Take Narvaez and Urias out of the equation and the numbers are abysmal. Don’t blame the top of the lineup for the Brewers’ woes at the plate: it takes a team to underwhelm this hard and it’s growing more and more obvious that 1-5 are pressing because 6-8 won’t get the job done.

Also more and more obvious? That the Brewers are above .500 and still in the divisional race in spite of their offense.

Zach Green isn’t coming through that door to save the season. And he shouldn’t be.

At bat: The Kansas City T-Bones rebranded this offseason, with the blessing of the Negro Leagues Baseball Museum, to the Kansas City Monarchs, immediately making them the most awesome minor league team in the history of ever.

On deck: Speaking of the NLBM, with last week’s tribute to the Negro Leagues at American Family Field and an appearance by museum president and ambassador par excellence Bob Kendrick, I tweeted that Kendrick is a must-follow for baseball lovers everywhere. By all means, make the trip to Kansas City, take in the museum, the Monarchs, the Royals and the barbecue. You’ll be a better human for it.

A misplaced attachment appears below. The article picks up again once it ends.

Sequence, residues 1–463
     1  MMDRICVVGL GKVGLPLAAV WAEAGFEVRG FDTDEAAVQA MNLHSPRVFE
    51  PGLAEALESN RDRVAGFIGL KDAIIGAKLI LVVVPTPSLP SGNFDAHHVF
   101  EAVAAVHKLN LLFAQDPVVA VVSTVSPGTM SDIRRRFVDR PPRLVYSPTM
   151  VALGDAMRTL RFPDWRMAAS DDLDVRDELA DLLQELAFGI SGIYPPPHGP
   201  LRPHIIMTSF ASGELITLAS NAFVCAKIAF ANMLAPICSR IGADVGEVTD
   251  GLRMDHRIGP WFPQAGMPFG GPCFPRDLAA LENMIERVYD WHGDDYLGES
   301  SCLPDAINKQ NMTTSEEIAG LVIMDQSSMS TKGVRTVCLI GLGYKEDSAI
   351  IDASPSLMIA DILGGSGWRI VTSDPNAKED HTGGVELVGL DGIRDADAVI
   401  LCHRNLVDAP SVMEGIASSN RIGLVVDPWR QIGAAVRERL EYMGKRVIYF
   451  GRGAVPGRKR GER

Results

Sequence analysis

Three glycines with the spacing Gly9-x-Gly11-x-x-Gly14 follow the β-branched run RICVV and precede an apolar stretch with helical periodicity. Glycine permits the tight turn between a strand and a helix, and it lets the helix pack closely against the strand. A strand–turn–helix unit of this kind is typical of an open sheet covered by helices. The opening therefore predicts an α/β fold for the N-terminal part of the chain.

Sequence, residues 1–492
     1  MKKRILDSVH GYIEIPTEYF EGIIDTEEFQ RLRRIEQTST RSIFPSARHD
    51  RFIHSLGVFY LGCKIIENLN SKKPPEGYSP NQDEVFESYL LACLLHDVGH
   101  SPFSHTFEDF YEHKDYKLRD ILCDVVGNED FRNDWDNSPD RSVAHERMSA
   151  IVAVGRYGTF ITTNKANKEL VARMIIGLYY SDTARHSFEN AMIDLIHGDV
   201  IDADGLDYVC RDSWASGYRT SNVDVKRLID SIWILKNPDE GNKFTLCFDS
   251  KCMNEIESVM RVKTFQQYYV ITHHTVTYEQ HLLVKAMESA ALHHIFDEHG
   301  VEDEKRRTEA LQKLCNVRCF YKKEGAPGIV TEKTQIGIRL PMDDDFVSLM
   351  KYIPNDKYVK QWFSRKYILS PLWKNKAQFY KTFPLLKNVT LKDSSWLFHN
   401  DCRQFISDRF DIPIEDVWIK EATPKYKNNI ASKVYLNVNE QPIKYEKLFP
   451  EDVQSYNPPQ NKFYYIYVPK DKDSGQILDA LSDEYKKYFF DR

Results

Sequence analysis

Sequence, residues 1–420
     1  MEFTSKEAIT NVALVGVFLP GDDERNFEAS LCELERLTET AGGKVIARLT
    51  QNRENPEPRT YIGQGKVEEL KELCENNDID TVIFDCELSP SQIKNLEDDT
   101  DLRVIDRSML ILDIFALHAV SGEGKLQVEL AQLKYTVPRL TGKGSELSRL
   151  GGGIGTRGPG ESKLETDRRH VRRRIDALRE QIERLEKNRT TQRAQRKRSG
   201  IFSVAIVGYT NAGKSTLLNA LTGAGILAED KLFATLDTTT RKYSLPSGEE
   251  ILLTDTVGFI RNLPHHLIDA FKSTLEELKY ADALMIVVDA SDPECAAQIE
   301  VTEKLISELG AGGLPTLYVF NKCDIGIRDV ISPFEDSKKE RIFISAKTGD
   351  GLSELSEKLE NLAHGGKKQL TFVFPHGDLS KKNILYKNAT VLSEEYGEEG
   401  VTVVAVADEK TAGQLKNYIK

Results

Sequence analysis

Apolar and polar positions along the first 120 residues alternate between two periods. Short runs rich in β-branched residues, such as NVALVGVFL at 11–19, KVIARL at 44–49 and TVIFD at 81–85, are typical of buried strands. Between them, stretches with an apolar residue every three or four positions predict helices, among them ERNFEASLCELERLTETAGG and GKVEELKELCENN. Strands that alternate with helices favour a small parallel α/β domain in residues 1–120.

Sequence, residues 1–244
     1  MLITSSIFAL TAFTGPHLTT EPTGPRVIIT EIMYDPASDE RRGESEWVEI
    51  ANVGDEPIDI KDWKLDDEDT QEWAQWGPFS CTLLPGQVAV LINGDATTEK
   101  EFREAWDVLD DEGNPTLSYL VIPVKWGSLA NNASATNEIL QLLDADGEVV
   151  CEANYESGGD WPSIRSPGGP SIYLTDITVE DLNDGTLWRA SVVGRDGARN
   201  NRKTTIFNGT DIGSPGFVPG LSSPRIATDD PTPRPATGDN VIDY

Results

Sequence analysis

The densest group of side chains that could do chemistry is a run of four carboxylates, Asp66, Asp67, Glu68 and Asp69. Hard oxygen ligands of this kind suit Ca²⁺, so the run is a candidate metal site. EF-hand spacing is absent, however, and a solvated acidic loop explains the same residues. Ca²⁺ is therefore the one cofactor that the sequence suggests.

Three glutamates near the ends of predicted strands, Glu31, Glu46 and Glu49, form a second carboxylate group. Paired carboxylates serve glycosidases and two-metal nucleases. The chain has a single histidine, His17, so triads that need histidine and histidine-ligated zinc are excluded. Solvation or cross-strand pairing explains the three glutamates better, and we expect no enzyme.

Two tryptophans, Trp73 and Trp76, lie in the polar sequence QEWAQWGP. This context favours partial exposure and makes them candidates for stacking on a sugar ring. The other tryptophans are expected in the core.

In the hole: Monday was Memorial Day, pushing the WiB back a day or two, but for good reason. St. Louis may have the world’s most recognizable Eero Saarinen structure outside of Kennedy’s Terminal 5, but Milwaukee has a Saarinen of its own: the War Memorial. It’s my second-favorite building in Milwaukee for obvious, Finnish-heritage-related reasons, but it takes on special meaning this time of year. I love the Calatrava, but that modernist gem next door was Milwaukee’s OG lakefront artistic landmark. Respect the memorial, respect those who paid the price in service to the country and its ideals, toward which we all should continue to strive. [icon name=”baseball-ball” style=”solid” class=”” unprefixed_class=””]

Brent Sirvio is a co-founder of Bronx to Bushville. Stats courtesy Baseball Reference, and Fangraphs.


Author: Brent Sirvio

Brent Sirvio is.